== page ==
The new short report on stocks indicated no real change in the short position on SLV, for positions held as of Nov 15, at 28 million shares. As time has gone by, it’s more obvious than ever that the main reason the short position in SLV has remained large is because there is extreme tightness in the wholesale physical market (perhaps another reason for the COMEX commercials, also the leading Authorized Participants in SLV to pressure silver prices lower). After all, manipulation is nothing more than the creation of artificial price levels by any means necessary.
While it remains to be seen what further fallout, if any may be seen as a result of concerns about the new virus variant, it is much clearer to see that price levels and market conditions today compared to the levels and conditions in place in Feb 2020 strongly favor silver (and gold). Not only is silver’s price up much less than where it was prior to Feb 2020 relative to most other assets, its fundamental forces, both physical and COMEX-positioning wise, are much better today compared to anything else. And it’s no minor thing that the greatest single force in silver and gold, JPMorgan, is not only no longer short, it is holding incredibly large quantities of physical silver and gold.
Yes, we are all still captive to the fraudulent game of waiting to see how many managed money technical fund shorts the COMEX commercials can lure into the market from this point forward, but that’s always of fairly short time duration. All things considered, that’s also always the final element before a price liftoff.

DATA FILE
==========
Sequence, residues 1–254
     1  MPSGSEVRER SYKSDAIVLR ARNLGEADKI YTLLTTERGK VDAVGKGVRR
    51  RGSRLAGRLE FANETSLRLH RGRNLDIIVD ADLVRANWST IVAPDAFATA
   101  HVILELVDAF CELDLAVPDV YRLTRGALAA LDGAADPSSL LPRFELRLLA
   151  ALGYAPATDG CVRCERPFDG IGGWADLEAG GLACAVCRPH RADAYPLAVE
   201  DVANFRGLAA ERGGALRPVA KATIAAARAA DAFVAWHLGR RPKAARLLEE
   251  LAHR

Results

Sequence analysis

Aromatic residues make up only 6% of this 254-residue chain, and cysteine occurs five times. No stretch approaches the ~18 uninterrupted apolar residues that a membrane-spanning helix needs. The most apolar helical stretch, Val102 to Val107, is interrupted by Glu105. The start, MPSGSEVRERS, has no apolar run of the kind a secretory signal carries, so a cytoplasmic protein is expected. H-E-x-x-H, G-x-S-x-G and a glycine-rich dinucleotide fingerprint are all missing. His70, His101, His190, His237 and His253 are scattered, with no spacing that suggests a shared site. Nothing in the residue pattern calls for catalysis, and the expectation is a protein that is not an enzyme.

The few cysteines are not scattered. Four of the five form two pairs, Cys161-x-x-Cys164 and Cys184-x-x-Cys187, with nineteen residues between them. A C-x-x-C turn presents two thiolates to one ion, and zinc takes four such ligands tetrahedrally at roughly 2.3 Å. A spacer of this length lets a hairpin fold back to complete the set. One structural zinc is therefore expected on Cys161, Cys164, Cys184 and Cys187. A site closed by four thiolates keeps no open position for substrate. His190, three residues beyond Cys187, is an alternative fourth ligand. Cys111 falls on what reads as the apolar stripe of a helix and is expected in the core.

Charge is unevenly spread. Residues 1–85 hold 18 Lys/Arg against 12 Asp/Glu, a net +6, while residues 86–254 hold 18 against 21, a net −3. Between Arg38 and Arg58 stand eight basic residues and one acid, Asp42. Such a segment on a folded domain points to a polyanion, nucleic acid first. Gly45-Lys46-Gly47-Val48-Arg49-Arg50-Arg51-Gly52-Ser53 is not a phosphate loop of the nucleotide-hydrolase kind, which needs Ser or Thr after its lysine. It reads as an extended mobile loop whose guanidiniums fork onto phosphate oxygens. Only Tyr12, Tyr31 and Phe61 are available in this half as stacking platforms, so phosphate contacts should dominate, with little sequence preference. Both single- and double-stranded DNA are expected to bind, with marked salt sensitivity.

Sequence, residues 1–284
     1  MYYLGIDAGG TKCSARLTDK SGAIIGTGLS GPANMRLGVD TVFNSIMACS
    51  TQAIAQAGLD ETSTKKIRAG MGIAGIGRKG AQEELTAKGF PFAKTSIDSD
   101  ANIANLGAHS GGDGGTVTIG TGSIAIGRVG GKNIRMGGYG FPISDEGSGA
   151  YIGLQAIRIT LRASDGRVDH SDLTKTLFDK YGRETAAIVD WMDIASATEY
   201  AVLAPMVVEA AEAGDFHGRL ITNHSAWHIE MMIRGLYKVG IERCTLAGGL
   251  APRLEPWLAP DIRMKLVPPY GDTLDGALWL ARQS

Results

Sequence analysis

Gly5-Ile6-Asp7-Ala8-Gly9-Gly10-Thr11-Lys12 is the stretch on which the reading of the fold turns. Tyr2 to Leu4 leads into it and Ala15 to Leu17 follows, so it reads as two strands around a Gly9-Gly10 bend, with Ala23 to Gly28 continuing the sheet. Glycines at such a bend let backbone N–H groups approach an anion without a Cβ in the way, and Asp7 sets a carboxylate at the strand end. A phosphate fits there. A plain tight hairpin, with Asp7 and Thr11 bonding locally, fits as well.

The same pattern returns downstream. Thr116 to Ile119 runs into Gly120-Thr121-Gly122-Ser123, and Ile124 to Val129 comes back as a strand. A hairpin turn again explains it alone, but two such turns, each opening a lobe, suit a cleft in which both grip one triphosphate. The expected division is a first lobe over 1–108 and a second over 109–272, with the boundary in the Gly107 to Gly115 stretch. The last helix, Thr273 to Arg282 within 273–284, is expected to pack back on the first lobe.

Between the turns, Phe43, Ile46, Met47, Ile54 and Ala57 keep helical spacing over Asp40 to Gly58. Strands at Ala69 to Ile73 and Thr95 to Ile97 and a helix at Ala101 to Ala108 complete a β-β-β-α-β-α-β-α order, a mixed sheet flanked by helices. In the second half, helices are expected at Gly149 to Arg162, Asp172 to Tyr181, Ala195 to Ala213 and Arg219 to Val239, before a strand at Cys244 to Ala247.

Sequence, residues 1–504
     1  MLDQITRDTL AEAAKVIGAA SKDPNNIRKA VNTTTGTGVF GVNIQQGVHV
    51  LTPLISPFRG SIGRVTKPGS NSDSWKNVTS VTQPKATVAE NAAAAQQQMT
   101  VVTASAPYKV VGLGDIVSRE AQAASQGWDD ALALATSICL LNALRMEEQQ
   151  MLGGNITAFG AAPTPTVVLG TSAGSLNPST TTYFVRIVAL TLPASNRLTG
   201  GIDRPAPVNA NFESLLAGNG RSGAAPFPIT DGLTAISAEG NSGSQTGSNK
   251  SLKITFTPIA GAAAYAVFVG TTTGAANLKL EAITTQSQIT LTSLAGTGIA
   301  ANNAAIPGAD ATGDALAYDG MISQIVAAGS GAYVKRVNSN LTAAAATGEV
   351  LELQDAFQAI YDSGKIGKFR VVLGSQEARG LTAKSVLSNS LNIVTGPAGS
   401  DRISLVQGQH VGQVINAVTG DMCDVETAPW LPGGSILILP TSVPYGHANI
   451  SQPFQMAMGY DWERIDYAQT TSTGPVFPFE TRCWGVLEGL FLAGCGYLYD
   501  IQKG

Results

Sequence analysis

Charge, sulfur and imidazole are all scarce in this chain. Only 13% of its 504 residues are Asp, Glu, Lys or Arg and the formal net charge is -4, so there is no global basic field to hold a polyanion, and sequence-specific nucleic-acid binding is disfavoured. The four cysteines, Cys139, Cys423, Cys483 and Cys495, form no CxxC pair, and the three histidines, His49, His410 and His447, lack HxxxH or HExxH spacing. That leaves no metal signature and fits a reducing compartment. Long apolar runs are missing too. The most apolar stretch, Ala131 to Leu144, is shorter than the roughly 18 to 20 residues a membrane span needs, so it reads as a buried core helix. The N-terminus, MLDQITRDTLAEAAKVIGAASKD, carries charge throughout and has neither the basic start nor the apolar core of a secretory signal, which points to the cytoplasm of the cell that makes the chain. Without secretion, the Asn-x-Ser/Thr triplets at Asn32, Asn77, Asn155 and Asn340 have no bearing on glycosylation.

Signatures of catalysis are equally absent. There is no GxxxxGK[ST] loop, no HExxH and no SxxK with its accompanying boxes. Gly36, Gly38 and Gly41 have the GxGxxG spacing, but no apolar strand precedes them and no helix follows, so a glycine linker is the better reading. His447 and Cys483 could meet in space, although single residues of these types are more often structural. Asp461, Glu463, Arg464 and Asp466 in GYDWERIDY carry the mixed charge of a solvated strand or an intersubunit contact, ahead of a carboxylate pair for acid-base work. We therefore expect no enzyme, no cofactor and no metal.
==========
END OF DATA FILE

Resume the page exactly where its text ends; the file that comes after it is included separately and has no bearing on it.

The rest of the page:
I’ll have comments late Monday (before 6 PM EST) after the new COT report is published. The report should indicate significant managed money selling and commercial buying or around 50,000 contracts in gold and 10,000 contracts in silver (hopefully more). Key elements will include raptor versus big 4 buying in silver and what, if anything, the gold whale might have done.
As a result of this week’s price smash, the 8 big COMEX gold and silver shorts enjoyed a $2 billion reduction in their total losses (from June 2019) to $8.6 billion. A subscriber asked how far silver would have to drop for the 8 big shorts to get back to even. The strict answer is $18 or so, but it’s not as simple as that. While it’s always possible for any lower price to be hit (look at what just happened in crude oil yesterday), it’s not just a matter of price – closing out the 60,000+ contracts likely still held short by the 8 largest shorts requires that much selling by the managed money traders and other speculators. Price is one thing, inducing that much outside selling is something else entirely.
November 27, 2021
Silver – $23.14 (200 day ma – $25.31, 50 day ma – $23.57, 100 day ma – $24.05)
Gold – $1788 (200 day ma – $1792, 50 day ma – $1791, 100 day ma – $1795)